PLANTATION, Fla., March 2, 2017 – America is often referred to as a nation of immigrants, a melting pot. On March 10th, students in 7th grade at American Heritage School will immerse themselves in the school’s 18th Annual Immigration Day.
One of every four students at American Heritage is foreign-born, and 60 different countries are represented throughout the student body. “This event truly embraces the cultural diversity so prevalent at our South Florida school,” says Dr. Douglas Laurie, vice president.
“Throughout the day-long event, we hope our students come to appreciate the hardships involved in being a new immigrant,” explains Mrs. Leslie Porges, creator of AHS’ Immigration Day and one of the Junior High History teachers. “We want to really paint the picture of what it was like coming to a foreign place without knowledge of the language or the customs and having to adapt quickly to survive.”
Immigration Day has become a tradition in the 7th grade. Leading up to the event, students learn about Ellis Island and the trip the immigrants took to get to this country near the turn of the twentieth century. Then, they group themselves into families–each student is assigned the name and identity of a real former immigrant–and they create passports with dates and other information they need to commit to memory. On the morning of the event, the students come to school dressed up as immigrants circa 1910. They are all seated in one place and wait for their family’s name to be called by the passport agents (parent volunteers) who question their identities and ask for the specific information in their passports. They are then tightly loaded onto ships (buses) that take them to Ellis Island for processing (the school’s gymnasium).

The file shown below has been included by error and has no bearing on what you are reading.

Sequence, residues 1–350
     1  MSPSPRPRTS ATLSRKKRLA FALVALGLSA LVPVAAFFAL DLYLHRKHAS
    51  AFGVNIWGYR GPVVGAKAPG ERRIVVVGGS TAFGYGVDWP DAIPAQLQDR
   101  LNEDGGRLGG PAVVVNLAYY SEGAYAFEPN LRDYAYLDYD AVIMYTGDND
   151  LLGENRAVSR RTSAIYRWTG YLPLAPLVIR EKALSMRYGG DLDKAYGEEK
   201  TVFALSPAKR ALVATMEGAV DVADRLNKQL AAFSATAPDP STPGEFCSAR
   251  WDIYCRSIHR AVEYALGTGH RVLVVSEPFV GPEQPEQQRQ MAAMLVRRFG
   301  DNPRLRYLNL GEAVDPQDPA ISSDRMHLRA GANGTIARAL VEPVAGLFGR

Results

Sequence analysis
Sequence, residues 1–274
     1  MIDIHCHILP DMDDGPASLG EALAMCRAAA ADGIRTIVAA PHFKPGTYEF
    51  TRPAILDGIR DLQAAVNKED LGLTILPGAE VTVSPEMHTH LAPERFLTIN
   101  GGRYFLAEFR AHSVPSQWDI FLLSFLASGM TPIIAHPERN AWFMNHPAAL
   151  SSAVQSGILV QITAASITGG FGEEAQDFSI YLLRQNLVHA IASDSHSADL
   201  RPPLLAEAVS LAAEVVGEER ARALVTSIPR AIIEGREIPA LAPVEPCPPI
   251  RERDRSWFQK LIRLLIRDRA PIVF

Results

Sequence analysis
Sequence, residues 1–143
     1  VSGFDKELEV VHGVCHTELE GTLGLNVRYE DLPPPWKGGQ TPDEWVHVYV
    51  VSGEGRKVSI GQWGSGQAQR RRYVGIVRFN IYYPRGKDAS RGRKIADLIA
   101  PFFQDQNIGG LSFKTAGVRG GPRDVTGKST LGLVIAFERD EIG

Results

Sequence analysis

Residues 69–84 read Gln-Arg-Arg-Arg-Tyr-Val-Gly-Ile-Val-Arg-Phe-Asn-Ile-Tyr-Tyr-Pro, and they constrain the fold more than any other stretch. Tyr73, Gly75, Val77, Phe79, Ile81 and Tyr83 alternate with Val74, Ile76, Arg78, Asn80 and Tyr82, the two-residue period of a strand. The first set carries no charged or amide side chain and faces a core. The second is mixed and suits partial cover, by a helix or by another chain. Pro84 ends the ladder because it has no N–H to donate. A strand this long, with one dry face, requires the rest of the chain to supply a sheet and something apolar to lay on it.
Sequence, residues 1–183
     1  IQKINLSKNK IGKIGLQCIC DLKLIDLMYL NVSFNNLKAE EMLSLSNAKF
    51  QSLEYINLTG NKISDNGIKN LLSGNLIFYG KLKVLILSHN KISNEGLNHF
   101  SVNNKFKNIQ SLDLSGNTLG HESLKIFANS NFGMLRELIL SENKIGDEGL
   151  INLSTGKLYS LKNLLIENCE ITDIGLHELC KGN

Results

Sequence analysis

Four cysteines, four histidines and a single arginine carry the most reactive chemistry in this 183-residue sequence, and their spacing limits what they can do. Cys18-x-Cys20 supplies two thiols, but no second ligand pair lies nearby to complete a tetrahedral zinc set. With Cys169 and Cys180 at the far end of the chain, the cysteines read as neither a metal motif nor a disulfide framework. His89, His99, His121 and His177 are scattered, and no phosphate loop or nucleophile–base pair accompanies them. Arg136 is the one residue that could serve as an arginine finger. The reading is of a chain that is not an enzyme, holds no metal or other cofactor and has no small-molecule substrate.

The students must then pass a physical exam (given by professional doctors) and an extensive interview process. Once they have been processed, all Immigrants are faced with three problems: how to speak the language, how to make money, and how to learn to be Americans. The Heritage Settlement House (classrooms) provides language classes and an employment agency. If their employer is satisfied with their work (small jobs in the classrooms, such as organizing bookshelves, dusting desks, cleaning dry erase boards), they get paid and have money to buy food. The day culminates with an international banquet and activities.
“What I learned in one day at Immigration Day I will remember for the rest of my life,” said one 7th grade student. “It really brought to life for me how the immigrants must have felt when they came to America. I probably would not have understood it as much as if we just learned about it in the classroom.”